In a recently released study, the Centers for Disease Control and Prevention (CDC) concluded that up to 93 percent of cervical cancers could be prevented by screening and HPV vaccination. However, the CDC also found that more than half of the women diagnosed with cervical cancer each year have not had a Pap test or have not been screened routinely.
According to CDC data, more than 12,000 women will be diagnosed with cervical cancer this year, and health officials say early detection can be lifesaving. Here is what you need to know to protect yourself.
Cervical cancer is most often caused by certain types of the human papilloma virus (HPV), a very common sexually transmitted infection. According to the CDC, approximately 79 million people are currently infected with HPV, with 14 million new infections occurring each year in the United States. The HPV vaccine is one of the best ways to prevent the spread of HPV, which in turn can prevent cervical cancer.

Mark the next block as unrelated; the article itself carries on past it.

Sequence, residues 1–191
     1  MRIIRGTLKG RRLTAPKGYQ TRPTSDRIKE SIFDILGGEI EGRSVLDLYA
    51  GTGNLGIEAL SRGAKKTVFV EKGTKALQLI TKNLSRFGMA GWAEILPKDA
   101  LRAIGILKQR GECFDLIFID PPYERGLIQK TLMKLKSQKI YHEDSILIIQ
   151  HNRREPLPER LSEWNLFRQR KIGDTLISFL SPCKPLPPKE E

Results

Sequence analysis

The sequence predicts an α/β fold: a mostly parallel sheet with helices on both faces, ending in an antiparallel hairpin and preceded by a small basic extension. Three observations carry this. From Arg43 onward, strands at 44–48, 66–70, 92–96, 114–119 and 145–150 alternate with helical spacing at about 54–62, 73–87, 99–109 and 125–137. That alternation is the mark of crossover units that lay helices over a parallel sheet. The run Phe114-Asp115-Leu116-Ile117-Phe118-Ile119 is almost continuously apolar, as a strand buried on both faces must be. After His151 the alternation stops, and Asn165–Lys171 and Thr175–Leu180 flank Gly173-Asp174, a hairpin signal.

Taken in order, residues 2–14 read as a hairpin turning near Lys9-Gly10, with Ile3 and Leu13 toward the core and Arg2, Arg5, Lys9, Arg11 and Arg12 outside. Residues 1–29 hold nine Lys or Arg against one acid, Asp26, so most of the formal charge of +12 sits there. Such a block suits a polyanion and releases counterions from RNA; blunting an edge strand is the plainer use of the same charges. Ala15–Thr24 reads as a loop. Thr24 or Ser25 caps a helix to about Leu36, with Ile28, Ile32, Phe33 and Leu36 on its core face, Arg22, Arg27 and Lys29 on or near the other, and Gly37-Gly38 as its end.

Medical organizations, including the CDC, the American Cancer Society, the American Academy of Pediatrics and Planned Parenthood, recommend that both girls and boys get the HPV vaccination at age 11 or 12. The vaccine works best if given before people become sexually active, but can benefit anyone, even if they have already been infected with HPV. The vaccine is available to those aged 9-26.
And because early detection saves lives, Planned Parenthood encourages women 21 years old and older to talk with their health care providers to see if they are due for a cervical cancer screening.